With the 'border region' of Anatolia I don't mean eastern Anatolia, obviously: this area has no relevance to Byzantium. In this timeframe, I mean the borders of the Turkish ghazw in western Anatolia. Border societies are generally acknowledged to be more fluid and to differ in their culture from the metropolitan norms. And yes, the reasons why many Greeks went over to the Ottomans were many, including the initially lower taxation and the general centrifugal tendencies of provincial society in late Byzantium, but I cannot but note that the early Ottoman society was much more flexible and syncretic (and remained so in the Balkan countryside largely until the 19th century) than the contemporary Latin one; this is a story that permeates the Latin-Greek-Turkish relationship (even modern nationalists grudgingly acknowledge this) throughout the period. When faced with a choice between the Venetians and the Ottomans, as late as 1715, for example, most Greek peasants chose the latter, and not just for taxation reasons. The Ottoman 'yoke' was generally much lighter than that of the Latins.


The Papacy was unable to enforce its will on anything IOTL, I don't see how TTL would be different. Granted, a succession of Catholic Byzantine emperors might, if graced with military victory, manage to establish the Catholic faith as the main Byzantine faith, but it would take a long time, and require a lot of effort. The proto-modern Greek national identity arose after 1204 very much as the antithesis of the Latins, and this is a development that can not be reversed or re-chanelled easily. Above all, IMO, it would also require a complete transformation of the political balance between Byzantium and the Latin powers, chiefly Venice and Genoa. As long as the maritime republics have a stranglehold on wealth, the Greeks will resent them. That is why any post-1204 POD is *very* dubious at best.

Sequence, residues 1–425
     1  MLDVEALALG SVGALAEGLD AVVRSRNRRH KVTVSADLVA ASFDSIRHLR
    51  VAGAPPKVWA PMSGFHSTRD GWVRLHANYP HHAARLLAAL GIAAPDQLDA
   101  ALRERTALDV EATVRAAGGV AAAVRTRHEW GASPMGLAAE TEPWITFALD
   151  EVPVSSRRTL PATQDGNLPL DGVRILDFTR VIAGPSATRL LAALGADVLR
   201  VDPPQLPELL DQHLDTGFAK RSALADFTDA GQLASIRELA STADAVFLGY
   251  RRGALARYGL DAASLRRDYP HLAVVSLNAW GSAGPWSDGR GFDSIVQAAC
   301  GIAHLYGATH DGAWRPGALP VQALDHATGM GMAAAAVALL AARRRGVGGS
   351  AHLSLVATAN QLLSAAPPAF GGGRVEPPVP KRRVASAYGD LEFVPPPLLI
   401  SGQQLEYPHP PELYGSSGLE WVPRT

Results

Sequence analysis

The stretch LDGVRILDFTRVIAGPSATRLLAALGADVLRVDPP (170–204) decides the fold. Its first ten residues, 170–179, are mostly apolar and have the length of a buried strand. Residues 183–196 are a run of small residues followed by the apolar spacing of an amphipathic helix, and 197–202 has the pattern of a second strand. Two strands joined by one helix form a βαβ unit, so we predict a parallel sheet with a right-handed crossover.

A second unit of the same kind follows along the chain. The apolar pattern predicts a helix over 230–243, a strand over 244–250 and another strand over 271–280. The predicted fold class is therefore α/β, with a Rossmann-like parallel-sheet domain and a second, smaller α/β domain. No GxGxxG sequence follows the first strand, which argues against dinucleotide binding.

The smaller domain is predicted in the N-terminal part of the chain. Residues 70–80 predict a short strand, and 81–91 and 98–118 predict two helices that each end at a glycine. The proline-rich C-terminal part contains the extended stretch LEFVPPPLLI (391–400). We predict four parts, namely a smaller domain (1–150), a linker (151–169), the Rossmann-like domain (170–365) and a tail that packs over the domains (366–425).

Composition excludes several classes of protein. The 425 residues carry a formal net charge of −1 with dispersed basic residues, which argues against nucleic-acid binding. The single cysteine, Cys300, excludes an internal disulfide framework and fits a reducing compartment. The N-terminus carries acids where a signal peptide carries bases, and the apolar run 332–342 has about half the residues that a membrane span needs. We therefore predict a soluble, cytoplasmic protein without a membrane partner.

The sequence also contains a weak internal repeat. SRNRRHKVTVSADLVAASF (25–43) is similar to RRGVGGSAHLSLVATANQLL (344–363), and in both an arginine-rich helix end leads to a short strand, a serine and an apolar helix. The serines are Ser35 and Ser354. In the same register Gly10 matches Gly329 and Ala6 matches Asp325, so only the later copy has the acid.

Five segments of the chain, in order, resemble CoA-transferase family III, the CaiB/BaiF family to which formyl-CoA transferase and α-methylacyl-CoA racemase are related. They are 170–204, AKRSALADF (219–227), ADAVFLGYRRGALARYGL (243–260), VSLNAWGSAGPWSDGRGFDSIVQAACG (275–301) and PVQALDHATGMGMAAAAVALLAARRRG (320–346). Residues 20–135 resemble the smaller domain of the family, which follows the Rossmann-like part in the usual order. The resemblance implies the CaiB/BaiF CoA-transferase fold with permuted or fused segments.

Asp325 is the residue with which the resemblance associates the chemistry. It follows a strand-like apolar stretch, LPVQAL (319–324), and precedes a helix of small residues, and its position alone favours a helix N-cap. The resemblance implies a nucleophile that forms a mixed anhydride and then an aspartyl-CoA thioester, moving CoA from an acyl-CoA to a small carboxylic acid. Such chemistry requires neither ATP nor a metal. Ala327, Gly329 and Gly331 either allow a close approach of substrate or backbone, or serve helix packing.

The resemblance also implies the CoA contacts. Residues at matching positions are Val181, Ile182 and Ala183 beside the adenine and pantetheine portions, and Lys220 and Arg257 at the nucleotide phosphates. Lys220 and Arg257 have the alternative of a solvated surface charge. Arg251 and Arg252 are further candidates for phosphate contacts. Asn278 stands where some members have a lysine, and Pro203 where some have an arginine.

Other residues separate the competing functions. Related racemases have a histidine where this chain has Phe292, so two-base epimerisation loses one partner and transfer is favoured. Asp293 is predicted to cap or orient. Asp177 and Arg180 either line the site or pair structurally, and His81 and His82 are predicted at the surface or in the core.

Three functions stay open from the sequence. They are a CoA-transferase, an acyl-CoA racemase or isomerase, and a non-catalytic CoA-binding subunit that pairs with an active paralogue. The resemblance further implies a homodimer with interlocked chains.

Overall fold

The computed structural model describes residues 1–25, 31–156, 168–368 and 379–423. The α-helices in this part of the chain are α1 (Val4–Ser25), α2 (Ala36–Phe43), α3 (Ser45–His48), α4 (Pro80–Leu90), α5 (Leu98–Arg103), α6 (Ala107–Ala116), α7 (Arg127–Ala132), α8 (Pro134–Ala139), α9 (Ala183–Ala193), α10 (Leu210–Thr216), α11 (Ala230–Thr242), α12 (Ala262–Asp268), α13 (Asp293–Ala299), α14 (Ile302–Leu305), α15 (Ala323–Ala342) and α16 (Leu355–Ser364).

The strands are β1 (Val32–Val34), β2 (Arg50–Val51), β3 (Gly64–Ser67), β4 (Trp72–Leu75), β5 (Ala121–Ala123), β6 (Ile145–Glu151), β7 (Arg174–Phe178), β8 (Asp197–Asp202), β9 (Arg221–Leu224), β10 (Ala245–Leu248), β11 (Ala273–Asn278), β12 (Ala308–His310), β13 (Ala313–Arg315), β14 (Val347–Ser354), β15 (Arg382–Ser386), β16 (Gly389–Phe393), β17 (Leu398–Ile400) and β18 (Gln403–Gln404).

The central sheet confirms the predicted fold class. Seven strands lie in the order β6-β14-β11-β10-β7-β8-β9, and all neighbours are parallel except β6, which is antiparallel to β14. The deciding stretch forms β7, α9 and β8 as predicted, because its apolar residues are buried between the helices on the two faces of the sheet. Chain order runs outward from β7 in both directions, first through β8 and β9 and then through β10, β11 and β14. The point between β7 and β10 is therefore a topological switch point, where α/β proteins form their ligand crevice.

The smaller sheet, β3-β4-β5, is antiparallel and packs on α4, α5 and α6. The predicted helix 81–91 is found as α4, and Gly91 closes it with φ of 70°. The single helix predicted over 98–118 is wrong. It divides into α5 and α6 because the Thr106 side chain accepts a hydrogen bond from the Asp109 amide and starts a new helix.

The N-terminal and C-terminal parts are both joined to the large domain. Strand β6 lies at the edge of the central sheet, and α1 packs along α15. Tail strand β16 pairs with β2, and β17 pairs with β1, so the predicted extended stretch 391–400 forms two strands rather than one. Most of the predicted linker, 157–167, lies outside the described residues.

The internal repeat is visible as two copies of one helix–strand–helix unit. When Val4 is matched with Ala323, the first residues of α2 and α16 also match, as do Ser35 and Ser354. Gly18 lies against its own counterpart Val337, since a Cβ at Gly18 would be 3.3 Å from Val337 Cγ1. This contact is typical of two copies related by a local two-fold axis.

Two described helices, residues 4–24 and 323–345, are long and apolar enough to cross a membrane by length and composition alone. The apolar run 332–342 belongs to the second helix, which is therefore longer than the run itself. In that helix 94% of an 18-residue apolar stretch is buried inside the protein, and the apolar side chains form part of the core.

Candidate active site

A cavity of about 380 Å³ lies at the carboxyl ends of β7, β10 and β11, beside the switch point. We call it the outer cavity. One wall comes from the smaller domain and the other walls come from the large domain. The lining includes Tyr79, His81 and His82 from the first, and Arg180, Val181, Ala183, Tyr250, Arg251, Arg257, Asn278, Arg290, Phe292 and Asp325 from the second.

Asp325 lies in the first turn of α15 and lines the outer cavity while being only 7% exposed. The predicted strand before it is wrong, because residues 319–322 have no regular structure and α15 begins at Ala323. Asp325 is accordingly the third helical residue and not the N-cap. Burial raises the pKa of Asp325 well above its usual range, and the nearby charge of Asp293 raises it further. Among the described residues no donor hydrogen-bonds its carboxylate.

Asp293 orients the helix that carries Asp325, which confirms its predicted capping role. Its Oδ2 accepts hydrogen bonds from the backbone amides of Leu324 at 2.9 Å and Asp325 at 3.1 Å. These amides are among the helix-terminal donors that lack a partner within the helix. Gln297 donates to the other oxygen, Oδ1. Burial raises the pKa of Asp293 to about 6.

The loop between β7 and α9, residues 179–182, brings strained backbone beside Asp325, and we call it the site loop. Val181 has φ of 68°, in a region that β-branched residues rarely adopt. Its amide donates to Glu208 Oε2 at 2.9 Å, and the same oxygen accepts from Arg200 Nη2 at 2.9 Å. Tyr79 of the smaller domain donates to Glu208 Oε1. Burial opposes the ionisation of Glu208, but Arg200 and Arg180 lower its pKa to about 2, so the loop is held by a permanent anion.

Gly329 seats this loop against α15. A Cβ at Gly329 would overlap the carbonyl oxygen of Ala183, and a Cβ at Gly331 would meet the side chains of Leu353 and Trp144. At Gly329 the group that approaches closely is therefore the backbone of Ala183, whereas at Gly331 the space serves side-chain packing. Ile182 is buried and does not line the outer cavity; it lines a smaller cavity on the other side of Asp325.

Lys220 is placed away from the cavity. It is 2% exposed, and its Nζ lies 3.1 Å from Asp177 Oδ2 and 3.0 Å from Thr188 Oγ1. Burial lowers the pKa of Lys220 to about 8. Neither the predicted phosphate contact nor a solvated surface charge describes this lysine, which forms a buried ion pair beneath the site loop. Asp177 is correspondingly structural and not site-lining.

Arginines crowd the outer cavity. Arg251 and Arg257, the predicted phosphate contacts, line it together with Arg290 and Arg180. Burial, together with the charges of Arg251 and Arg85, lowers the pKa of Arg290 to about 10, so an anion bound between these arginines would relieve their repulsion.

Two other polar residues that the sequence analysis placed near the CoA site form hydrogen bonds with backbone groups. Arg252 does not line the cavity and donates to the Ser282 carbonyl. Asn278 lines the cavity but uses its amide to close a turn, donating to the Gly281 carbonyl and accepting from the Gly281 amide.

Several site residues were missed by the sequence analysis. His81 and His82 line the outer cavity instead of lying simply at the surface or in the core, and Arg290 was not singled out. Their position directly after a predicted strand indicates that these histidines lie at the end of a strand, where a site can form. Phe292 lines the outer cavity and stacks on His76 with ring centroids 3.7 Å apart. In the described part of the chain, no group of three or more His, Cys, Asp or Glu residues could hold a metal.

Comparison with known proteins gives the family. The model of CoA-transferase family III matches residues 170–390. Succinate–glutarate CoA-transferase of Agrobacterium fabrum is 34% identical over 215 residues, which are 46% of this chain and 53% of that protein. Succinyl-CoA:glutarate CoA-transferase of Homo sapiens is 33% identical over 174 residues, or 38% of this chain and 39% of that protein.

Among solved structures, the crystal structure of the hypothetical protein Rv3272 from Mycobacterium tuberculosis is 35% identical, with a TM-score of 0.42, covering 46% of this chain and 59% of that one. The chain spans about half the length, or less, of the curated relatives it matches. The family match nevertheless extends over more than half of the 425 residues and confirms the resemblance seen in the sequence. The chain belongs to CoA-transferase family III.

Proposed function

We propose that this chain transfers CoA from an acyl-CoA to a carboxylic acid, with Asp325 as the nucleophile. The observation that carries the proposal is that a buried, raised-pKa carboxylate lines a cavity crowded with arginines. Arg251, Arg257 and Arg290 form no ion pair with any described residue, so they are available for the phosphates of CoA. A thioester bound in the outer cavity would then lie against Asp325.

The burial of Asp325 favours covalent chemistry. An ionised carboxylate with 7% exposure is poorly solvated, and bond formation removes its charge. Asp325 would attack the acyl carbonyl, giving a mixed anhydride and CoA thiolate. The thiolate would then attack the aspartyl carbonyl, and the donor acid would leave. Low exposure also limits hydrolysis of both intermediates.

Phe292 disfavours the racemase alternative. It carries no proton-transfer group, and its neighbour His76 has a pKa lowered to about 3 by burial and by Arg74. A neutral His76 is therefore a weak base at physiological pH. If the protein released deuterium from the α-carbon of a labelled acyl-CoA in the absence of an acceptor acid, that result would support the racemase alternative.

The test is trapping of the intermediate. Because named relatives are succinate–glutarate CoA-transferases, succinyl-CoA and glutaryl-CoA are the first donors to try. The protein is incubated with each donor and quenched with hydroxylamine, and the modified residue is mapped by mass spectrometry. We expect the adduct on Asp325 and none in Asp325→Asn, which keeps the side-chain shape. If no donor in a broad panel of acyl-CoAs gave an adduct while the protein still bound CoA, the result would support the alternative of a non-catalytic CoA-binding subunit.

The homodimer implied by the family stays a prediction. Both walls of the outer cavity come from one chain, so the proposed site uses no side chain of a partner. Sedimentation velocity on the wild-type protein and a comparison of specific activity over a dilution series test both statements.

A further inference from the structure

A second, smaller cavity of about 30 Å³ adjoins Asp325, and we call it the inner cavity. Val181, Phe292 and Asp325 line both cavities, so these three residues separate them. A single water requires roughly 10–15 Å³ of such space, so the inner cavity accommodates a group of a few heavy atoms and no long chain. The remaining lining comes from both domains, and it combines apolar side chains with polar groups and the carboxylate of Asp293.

The Papacy was certainly able to enforce its will in otl, I am not sure which alternate realm you refer to when you say that they did not enforce their wills. We agree, that the Papacy had a decline in authority after 1378 and 1414-1419, however this is no matter. The 1439 council and other Papal moves from Florence till Alexander VI, were attempts to reassert Papal authority back to the extents it held in the reign of Boniface VIII. Papal successes and enforcement of policy did occur, within Italy especially under Alexander VI, as Machiavelli noted, the Papacy was able to turn Papal fortunes from a country in shambles back into the preeminent power in Italy. In several swoops, re-utilizing Papal powers not used since the Western Schism, the Papacy silenced the rogue Roman barons, enforce Papal temporal authority over the Duchy of Spoleto and the Marches using Cesare Borgia and subterfuge. Likewise, outside of the Papal direct realm, the Medici were affirmed as friendly agents, Ferrara came under Papal influence and away from Venice, Venice was pushed out of Ravenam and Ancona and the Sforza were cajoled into a more seemly position.